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by José Alejandro Adamuz
n her seminal travel memoir In Morocco, the reknowned early-20th-century American writer Edith Wharton described travelling in this country as “like turning the pages of some illuminated Persian manuscript all adorned with bright shapes and subtle lines”. Well, if its most tourist-popular city, Marrakesh, is but a few of these pages – what pages they are! Undoubtedly the most brilliant of Morocco’s four “imperial cities” (the others being Fez, Meknes, and modern-day capital Rabat).
Arriving in this country’s fourth-largest city (pop. 953,000) and plunging into its old quarter, you truly do feel like it’s a place out of time, where past and future swirl together in dynamic – sometimes nearly chaotic – movement of colourful sights and sounds, not to mention exotic aromas.
Marrakesh s UNESCO World Heritage historic quarter, dating back to the 11th century and surrounded by brick walls and reddish stone bastions, is a delightfully confusing labyrinth packed with colourful shops and market stalls hawking spices, leather goods, and more; local eateries both humble and grandiose; artisans’ workshops; and landmarks such as various mosques, gardens, and palaces; and the Mellah, the old Jewish quarter centred on its synagogue and cemetery; and of course picaresque young boys and men who will offer to guide you.
Jemaa el Fna Square
The heart of the Medina is a veritable ecosystem unto itself, bustling day and especially night with food sellers but also the famous water sellers; story- and fortune-tellers; snake charmers; henna-tattoo and other artists; and magicians. Magical, indeed – abracadabra alakazam, and you’re truly in another world.
Especially in the late afternoon, as the sun is starting to set, the thing to do is to find a perch at one of the panoramic double-decker cafés which ring the plaza, such as the most famous, the Café de France. From here you can take it all in from on high, as the daytime scene gives way to an even more animated evening spectacle, as the lights come on and smoke from food carts mingles with the smell of spices. As the muzzeins’ calls to prayer waft in from all corners of the city, the sunset tints the Jemaa el Fna a dramatic red.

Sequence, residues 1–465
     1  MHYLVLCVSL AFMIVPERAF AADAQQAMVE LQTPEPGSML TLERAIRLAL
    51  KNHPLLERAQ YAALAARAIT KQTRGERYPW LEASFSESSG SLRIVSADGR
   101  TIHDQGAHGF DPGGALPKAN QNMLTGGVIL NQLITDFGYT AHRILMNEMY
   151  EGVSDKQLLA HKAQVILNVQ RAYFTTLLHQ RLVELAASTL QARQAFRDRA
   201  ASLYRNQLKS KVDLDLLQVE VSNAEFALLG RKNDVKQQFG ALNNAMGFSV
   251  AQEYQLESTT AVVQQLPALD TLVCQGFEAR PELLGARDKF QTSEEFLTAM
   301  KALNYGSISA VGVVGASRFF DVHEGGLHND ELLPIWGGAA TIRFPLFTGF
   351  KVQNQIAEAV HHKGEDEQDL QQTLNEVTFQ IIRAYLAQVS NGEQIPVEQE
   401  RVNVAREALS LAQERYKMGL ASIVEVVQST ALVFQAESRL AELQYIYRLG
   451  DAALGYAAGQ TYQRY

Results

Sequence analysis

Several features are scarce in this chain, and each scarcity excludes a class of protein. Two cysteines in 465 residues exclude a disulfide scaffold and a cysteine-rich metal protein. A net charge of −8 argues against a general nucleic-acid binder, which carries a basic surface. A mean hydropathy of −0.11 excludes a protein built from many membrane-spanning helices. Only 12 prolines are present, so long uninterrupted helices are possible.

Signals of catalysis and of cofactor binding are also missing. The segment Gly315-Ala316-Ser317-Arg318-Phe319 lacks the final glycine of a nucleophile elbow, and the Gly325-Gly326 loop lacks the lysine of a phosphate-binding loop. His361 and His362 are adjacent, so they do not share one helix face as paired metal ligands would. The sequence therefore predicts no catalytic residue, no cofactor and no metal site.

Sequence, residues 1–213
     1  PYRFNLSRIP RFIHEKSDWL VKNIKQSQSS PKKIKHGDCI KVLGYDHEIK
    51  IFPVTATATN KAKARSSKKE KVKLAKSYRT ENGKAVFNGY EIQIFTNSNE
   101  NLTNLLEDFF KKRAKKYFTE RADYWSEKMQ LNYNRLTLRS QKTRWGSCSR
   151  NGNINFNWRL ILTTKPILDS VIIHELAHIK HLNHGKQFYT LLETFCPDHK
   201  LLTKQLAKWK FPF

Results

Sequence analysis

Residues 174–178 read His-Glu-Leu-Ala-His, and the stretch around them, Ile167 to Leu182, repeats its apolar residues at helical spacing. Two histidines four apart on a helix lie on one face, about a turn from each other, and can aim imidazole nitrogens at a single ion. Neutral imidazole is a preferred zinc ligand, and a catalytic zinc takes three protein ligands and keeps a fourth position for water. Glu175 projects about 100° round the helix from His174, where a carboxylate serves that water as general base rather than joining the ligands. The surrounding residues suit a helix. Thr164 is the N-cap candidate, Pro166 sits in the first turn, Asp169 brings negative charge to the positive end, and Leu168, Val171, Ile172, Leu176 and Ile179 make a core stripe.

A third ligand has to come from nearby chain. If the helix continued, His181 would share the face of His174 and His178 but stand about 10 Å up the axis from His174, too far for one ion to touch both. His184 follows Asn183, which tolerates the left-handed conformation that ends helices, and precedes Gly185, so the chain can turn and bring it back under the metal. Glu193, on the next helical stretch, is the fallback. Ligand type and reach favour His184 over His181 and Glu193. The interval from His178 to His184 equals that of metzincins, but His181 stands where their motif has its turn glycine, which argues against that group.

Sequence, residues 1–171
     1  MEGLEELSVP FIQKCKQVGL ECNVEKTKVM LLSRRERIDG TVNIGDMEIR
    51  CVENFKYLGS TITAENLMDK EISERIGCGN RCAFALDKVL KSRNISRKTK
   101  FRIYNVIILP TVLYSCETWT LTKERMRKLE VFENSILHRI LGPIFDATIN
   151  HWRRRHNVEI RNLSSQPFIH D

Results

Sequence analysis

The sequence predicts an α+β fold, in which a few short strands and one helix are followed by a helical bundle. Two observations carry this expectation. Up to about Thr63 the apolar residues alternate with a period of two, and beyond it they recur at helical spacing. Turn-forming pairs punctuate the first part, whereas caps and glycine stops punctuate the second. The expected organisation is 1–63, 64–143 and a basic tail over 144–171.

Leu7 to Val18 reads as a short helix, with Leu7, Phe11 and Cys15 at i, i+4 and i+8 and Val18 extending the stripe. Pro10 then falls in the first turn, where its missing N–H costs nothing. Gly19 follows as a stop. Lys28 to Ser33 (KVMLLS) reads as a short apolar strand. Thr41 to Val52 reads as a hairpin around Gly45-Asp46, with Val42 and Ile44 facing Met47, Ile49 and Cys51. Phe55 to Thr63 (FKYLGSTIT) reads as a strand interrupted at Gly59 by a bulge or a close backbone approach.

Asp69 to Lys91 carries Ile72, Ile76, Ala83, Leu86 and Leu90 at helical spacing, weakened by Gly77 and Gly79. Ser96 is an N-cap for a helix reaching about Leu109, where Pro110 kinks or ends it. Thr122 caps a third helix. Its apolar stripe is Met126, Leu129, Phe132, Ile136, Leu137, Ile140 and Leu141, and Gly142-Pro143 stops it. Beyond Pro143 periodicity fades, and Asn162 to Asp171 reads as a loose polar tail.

Marrakesh is also a city which allows visitors to get close to and learn about Morocco’s dominant Islamic religion. Islam plays a huge role here as elsewhere in the country, especially during the daytime, when calls to prayer are regularly blasted out on loudspeakers beginning at 5 in the morning, creating a structure to the day as the hours march on. Similarly, the most prominent monuments and landmarks are always religious in nature.
The monuments in this city are not, as a rule, so grandiose. But still, two of them are must-sees. First is the Koutoubia Mosque, Marrakesh’s most iconic silhouette (in fact, if you know Andalusian architecture you might recognise Koutoubia’s minaret as the model for the famous Giralda tower of Seville’s cathedral). You can climb it for splendid views of the nearby gardens.
One of the city’s most prominent surprises, meanwhile, is the Ali Ben Youssef Madrassa, the old onetime Koranic school that remains one of Morocco’s most beautiful architectural gems. Its adornments include jalousie windows and intricately carved cedar and incredibly detailed stucco and coloured tiles. The central courtyard with its reflecting pool is especially a delight for the senses.